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HQ 562065

May 9, 2001

MAR-05 RR:CR:SM 562065 TJM


Steve Saari
Operations Department
Whittlestone, Inc.
PO Box 2237
Antioch CA 94531

RE: Marking of breast pumps; 19 USC § 1304; 19 CFR § 134.43(e).

Dear Mr. Saari:

This is a response to your letter dated February 22, 2001, requesting a ruling on country of origin marking of breast pumps assembled in Mexico with U.S. and foreign components. Our response follows.


Whittlestone, Inc. (“Whittlestone”) distributes and sells breast pumps used by nursing mothers in the United States. These breast pumps are assembled in Mexico with components from the United States and other countries. The assembled breast pump is composed of 103 parts, of which 93 are made in the U.S. On March 26, 2001, you stated by telephone that the pump is powered by an electric motor and that the 10 non-U.S. components are produced in Italy, China, and Thailand. The pump’s packaging will be marked with the country of origin.

You propose to mark the product’s packaging as “Assembled in Mexico with U.S. components.” You request a ruling on that proposed marking.


What is the proper country of origin marking for breast pumps assembled in Mexico with U.S. and foreign components?


General Marking Requirements

As you are aware, Section 304 of the Tariff Act of 1930, as amended (19 U.S.C. § 1304), provides that unless excepted, every article of foreign origin imported into the United States shall be marked in a conspicuous place as legibly, indelibly, and permanently as the nature of the article (or its container) will permit, in such a manner as to indicate to the ultimate purchaser in the U.S. the English name of the country of origin of the article. 19 CFR part 134 implements the country of origin marking requirements of 19 U.S.C. § 1304.

Section 134.1(d), Customs Regulations (19 CFR § 134.1(d)), provides that the “ultimate purchaser” is generally the last person in the United States who will receive the article in the form in which it was imported. Congressional intent in enacting 19 U.S.C. § 1304 was “that the ultimate purchaser should be able to know by an inspection of the marking on the imported goods the country of origin of which the goods is the product. The evident purpose is to mark the goods so that at the time of the purchase the ultimate purchaser may, by knowing where the goods were produced, be able to buy or refuse to buy them, if such marking should influence his will.” United States v. Friedlander & Co., 27 C.C.P.A. 297 at 302; C.A.D. 104 (1940).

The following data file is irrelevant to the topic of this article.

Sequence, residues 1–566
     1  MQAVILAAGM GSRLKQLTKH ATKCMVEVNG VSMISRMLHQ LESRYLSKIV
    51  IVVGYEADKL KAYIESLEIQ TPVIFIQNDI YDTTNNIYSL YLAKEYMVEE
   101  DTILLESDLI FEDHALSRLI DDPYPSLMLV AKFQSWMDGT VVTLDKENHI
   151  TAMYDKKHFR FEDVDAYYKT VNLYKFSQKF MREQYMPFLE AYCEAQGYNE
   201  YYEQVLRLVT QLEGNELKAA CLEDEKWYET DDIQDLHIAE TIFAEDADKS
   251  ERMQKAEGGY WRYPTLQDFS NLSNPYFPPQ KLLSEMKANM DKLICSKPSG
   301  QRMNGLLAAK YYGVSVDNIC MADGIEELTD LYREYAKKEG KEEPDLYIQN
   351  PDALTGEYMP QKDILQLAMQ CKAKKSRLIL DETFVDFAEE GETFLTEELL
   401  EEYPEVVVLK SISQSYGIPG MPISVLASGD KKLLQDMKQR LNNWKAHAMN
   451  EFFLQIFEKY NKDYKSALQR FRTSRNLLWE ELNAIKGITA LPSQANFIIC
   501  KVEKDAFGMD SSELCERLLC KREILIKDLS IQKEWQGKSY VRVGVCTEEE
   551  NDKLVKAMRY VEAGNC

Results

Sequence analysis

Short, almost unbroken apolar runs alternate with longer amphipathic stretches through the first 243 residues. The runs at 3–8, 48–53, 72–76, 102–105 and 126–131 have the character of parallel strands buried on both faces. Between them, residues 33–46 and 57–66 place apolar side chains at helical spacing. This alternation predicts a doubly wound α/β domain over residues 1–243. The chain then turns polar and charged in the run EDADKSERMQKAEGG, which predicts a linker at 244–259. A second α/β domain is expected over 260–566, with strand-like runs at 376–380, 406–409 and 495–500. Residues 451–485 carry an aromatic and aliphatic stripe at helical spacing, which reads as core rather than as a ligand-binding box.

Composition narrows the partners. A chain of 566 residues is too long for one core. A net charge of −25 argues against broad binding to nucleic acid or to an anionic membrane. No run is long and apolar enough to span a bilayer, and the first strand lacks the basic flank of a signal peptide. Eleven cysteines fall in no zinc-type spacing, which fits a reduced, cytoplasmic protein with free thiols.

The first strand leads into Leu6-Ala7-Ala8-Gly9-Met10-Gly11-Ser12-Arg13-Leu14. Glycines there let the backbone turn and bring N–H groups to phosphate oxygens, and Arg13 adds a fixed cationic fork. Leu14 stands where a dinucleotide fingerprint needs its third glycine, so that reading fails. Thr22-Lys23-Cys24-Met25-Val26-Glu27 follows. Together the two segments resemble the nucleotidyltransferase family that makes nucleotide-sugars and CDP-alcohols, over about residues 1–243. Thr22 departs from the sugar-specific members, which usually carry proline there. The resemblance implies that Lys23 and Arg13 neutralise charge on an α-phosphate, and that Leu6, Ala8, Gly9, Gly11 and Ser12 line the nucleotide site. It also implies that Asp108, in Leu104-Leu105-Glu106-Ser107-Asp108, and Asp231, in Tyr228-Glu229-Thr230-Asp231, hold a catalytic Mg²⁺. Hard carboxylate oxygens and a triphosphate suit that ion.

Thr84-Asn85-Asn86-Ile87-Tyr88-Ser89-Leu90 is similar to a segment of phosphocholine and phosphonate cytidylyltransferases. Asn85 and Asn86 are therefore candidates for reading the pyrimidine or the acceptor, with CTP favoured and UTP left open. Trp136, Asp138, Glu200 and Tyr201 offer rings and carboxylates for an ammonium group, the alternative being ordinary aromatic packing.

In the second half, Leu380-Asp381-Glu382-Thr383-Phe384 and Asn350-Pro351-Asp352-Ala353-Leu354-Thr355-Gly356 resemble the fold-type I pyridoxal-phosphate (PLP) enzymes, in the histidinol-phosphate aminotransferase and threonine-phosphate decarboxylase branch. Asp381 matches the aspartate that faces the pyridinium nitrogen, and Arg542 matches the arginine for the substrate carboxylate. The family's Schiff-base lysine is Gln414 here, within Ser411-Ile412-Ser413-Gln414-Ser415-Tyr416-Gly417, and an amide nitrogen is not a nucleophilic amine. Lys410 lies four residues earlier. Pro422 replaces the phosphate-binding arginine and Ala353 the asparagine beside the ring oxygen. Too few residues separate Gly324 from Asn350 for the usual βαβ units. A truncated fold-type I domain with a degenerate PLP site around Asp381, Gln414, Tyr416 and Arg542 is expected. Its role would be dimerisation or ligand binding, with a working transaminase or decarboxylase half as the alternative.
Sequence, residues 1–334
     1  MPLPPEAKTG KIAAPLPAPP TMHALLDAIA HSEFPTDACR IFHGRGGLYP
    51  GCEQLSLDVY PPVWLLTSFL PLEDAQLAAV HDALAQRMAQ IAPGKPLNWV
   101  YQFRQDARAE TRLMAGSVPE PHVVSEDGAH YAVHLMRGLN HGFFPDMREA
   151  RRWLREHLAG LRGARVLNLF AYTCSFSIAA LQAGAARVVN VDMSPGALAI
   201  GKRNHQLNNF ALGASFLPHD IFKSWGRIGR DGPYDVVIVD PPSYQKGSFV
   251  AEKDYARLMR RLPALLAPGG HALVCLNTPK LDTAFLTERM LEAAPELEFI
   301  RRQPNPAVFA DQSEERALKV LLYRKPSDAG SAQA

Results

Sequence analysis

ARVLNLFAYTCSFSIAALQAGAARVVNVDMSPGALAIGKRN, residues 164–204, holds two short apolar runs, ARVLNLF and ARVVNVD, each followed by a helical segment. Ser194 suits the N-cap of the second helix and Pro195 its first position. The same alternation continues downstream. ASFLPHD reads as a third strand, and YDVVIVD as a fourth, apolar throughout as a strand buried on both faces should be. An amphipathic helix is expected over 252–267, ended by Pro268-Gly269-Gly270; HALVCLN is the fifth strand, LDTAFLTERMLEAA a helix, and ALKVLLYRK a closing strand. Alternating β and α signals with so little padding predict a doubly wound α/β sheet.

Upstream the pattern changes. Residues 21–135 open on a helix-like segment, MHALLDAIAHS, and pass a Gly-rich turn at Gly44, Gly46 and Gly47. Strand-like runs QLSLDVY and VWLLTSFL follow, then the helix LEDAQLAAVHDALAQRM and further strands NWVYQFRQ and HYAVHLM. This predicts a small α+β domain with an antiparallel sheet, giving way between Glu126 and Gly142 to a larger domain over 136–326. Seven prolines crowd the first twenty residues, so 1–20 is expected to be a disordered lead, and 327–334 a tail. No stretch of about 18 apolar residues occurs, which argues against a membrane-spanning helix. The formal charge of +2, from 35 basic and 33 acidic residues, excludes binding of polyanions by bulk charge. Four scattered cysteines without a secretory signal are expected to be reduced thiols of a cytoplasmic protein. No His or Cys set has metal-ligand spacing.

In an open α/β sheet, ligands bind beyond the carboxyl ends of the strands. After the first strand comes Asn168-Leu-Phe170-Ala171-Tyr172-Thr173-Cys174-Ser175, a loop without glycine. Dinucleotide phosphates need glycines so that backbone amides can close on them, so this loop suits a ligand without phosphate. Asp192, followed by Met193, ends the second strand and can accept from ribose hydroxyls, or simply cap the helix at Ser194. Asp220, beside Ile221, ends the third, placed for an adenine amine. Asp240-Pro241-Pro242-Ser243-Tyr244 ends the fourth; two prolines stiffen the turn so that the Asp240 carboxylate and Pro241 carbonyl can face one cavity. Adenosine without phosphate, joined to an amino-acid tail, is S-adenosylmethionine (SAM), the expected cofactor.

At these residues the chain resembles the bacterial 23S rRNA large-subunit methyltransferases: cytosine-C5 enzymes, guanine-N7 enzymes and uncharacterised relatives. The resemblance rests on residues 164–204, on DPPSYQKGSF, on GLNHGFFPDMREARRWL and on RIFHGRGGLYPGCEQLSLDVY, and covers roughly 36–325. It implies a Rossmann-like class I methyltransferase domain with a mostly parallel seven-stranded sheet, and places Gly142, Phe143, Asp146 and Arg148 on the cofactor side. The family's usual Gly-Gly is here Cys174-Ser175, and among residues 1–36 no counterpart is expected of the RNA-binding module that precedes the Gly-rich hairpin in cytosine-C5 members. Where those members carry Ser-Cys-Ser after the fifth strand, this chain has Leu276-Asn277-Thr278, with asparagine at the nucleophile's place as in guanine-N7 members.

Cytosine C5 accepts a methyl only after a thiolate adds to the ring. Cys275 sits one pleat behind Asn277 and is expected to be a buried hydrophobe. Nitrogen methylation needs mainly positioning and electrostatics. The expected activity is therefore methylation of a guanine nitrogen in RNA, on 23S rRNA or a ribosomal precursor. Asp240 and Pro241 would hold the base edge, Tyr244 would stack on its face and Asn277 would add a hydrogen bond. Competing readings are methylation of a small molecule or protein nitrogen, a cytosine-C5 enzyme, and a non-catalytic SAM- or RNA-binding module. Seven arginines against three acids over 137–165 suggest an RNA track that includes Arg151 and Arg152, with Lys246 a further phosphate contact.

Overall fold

Country of Origin

The country of origin marking requirements for a "good of a NAFTA country" are determined in accordance with Annex 311 of the North American Free Trade Agreement ("NAFTA"), as implemented by 19 C.F.R. § 102.11. Section 102.11, Customs Regulations (19 CFR § 102.11), sets forth the required hierarchy for determining country of origin for marking purposes. Specifically, section 102.11(a), Customs Regulations (19 CFR § 102.11(a)) states, in pertinent part, that:

[t]he country of origin of a good is the country in which:

(1) The good is wholly obtained or produced; (2) The good is produced exclusively from domestic materials; or (3) Each foreign material incorporated in that good undergoes an applicable change in tariff classification set out in section 102.20 and satisfies any other applicable requirements of that section, and all other requirements of these rules are satisfied.

Because the product at issue is not wholly obtained or produced in Mexico and because the product is not produced exclusively from domestic material, section 102.11(a)(3) is applicable. Pursuant to section 102.11(a)(3), the country of origin of a good is the country in which each foreign material incorporated in that good undergoes an applicable change in tariff classification set out in section 102.20. Section 102.20, Customs Regulations (19 CFR § 102.20), sets forth the specific tariff classification changes and/or other operations, which are specifically required in order for country of origin to be determined on the basis of operations performed on the foreign materials contained in a good.